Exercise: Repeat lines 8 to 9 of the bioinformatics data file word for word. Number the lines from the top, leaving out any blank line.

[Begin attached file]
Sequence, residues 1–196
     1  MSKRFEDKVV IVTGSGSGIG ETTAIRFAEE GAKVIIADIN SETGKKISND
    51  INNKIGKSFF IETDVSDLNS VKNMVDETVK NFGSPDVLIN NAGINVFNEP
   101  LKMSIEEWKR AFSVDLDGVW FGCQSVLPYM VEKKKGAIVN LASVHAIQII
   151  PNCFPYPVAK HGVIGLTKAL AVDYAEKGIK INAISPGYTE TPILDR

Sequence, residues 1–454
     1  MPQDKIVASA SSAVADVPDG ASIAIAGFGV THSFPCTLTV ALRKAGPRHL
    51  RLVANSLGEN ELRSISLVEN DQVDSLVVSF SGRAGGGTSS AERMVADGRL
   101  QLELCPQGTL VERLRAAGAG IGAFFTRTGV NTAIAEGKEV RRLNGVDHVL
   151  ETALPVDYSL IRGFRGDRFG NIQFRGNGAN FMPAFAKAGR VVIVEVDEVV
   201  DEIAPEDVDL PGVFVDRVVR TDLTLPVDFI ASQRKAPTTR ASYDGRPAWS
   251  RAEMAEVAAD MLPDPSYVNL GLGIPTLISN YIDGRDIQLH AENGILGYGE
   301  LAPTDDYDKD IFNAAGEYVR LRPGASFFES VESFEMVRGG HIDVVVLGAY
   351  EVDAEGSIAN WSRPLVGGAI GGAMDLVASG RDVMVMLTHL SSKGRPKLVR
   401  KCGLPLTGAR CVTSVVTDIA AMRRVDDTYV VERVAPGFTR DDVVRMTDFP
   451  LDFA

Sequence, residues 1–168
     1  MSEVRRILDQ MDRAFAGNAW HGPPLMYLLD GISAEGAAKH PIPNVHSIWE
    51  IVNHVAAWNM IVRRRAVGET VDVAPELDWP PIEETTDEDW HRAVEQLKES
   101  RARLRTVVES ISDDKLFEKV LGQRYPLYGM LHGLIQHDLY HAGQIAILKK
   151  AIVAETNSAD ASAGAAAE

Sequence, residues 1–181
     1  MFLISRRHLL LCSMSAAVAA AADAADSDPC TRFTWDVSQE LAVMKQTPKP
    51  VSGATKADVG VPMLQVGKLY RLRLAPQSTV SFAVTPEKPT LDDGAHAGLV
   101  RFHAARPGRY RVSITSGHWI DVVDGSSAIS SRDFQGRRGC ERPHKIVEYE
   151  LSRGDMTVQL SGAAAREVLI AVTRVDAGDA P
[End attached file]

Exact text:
    51  RLVANSLGEN ELRSISLVEN DQVDSLVVSF SGRAGGGTSS AERMVADGRL
   101  QLELCPQGTL VERLRAAGAG IGAFFTRTGV NTAIAEGKEV RRLNGVDHVL